I don’t usually watch much sports, but when I do, I make it the Olympics. There’s something so compelling about watching people come from all over the world to compete in a variety of sports, and to see the success, heart break, and story around each and every athlete.
Here are just some of the lessons I took away from the Olympic Games:
When the going gets tough, the tough get going.
American sprinter Manteo Mitchell discovered this when he was competing in the 4×400 meter preliminaries, and broke his left fibula. He was still able to keep going, so for him, there was really no choice in the matter: He finished the lap, and stayed on the sidelines to watch the Americans finish and qualify for the final.
The more successful you are, the more some people will hate you for it.
Ye Shiwen, a 16 year old swimmer from China, broke the world record in the women’s 400m individual medley. It wasn’t long before there were accusations hurled at her, accusing her of having taken drugs in order to achieve such results.
Part of the problem is that some 0ther swimmers have tested positive in the past, but nonetheless, one can also have the good grace to celebrate a hard-won victory, without immediately pointing accusatory fingers of blame.
Face adversity head-on.
Hamadou Djibo Issaka had only started learning how to row three months prior. He didn’t have the best form or shape for the challenge, so when he competed in the 2000m single sculls heat, he finished more than a minute behind his nearest competitor, and nearly two minutes behind the winner. In spite of this, he didn’t give up, and though he didn’t take home a medal, he still captured the hearts of the crowd with his unrelenting spirit.
Some people are better than you’ll ever be.
Sometimes, we just have to accept that no matter what we do, there’ll probably be someone else out there who’s better at it than we are. At the top stand legends like Michael Phelps, with a record of 22 Olympic medals, and Usain Bolt, a self-proclaimed living legend, and the greatest athlete of all time. They stand at the top of their fields, and their records will probably be unmatched for some time to come.
In every field, there is someone at the top, and someone better at it than you. Instead of despairing, we need to recognize success in our own fields and domains of influence, and savour each achievement on its own merits.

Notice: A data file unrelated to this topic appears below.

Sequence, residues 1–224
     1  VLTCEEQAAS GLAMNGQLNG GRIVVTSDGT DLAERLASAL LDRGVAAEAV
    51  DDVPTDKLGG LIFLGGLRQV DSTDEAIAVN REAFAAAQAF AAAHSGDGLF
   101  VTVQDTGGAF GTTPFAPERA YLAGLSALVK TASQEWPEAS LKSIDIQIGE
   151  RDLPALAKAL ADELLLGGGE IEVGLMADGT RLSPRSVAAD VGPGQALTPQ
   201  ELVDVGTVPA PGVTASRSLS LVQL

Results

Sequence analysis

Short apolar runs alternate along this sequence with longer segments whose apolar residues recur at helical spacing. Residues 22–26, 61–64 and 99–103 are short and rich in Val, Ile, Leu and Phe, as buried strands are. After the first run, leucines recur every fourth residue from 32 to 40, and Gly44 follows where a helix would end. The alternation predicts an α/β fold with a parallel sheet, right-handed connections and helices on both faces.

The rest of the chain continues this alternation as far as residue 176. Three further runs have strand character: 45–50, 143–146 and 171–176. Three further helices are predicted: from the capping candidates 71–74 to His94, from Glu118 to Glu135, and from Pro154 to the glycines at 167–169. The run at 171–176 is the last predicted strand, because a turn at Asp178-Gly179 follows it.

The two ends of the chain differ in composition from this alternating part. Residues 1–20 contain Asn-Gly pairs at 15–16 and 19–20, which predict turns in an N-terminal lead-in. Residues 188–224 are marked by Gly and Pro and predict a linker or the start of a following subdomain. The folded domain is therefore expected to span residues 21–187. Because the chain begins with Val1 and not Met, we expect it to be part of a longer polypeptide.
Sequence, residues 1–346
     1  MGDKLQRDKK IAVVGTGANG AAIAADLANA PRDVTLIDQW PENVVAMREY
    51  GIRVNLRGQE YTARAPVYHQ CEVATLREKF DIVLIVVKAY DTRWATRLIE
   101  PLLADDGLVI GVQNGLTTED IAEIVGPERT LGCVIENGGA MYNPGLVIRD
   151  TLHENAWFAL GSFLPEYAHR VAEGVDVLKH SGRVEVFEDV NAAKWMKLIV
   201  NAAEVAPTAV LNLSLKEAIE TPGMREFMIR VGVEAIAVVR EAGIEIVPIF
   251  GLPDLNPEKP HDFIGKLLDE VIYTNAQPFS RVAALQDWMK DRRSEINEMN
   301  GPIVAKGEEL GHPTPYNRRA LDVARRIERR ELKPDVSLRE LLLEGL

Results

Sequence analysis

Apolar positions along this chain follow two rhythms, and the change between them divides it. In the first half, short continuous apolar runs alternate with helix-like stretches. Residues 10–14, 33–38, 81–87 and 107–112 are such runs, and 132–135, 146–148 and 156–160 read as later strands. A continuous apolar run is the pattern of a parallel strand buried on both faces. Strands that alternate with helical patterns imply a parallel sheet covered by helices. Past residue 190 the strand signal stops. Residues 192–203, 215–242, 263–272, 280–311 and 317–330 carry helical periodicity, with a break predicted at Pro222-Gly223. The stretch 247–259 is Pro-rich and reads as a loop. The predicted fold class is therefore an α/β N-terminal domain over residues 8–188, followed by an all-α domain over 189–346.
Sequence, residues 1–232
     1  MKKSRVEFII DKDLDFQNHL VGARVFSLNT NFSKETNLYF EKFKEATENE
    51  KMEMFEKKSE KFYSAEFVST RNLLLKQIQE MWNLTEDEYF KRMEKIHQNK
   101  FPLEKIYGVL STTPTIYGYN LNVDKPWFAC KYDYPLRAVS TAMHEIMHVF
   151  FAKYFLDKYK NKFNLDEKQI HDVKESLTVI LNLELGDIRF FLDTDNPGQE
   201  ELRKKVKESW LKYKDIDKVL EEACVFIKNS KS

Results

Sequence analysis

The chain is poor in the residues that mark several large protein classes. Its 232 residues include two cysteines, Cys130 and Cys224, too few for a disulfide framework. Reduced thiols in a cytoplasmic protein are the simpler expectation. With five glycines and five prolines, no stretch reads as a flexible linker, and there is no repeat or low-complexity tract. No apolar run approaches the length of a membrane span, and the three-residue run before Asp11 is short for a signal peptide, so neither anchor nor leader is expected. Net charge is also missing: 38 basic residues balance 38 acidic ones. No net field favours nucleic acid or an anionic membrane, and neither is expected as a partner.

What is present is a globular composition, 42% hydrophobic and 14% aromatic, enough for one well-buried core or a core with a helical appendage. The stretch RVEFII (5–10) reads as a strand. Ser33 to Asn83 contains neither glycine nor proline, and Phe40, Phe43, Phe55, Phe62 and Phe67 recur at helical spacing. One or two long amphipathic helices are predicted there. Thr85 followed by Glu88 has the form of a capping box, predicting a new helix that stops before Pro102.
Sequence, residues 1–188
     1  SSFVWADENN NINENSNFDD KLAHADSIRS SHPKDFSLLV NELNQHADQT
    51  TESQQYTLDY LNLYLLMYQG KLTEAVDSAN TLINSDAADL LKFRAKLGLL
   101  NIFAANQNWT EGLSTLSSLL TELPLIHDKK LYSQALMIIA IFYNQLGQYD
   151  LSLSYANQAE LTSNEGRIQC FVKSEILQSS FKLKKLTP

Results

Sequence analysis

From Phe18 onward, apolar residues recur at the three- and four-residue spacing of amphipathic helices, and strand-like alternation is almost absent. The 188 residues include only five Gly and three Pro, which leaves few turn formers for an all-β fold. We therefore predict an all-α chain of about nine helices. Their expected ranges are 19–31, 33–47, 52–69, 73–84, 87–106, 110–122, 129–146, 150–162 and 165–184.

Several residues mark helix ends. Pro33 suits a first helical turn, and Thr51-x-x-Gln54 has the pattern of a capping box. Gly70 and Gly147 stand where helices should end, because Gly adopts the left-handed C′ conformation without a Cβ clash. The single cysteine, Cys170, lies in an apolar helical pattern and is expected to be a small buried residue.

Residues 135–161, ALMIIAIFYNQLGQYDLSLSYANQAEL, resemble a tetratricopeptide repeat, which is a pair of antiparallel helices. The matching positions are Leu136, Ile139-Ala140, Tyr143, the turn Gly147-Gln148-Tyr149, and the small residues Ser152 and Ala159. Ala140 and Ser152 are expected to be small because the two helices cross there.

What are your thoughts?
Though I deeply admire the spirit of the Olympic athletes (if not so much the commercialism surrounding the games, themselves), the games also remind me of just how unequal and unfair our world can be. Some people are born gifted; others are born with imperfections or defects. Some people are born intelligent, others, not so much. Some are born into good families, and some aren’t. Some are born in the rich developed world. Many others are not, and don’t have the same chance to develop their talents. Heck, even in the games, some try so hard, and just get unlucky or injured at the worst possible moment.
Is it really right or fair to judge people based on their physical and mental accomplishments, or lack thereof? Nobody can control the body and mind they were born with. It’s unfair to blame a person with depression for being depressed, or a person with a physical or mental defect for having that defect, and maybe it’s also unfair to praise someone for being naturally gifted. After all, they also didn’t get to control that, but it’s a good thing that the dice came up 7s for them!
However, it’s possible to take this chain of thought too far and argue that nobody is ever responsible for anything, and I don’t want to go that far. I don’t doubt that every Olympic athlete has worked very hard to get to where they are, and we can learn much from them.
One element that I really admire about the games is that it also shows how some people are able to surpass these limitations and shine as an example for the rest of us. Clara Hughes, a Canadian cyclist and skater, has not only turned her own life around and gone on to win several medals, but she’s also gone on to help others and give back at the same time.
I look forward to the day when the world is a little bit more equal, and nobody has to suffer a penalty because of where they were born, the family that they were born into, or even because of the genes that they were born with. It should never be about bringing others down; instead, it should be about raising everyone up, so that we can all have the same opportunities of those whom we most admire.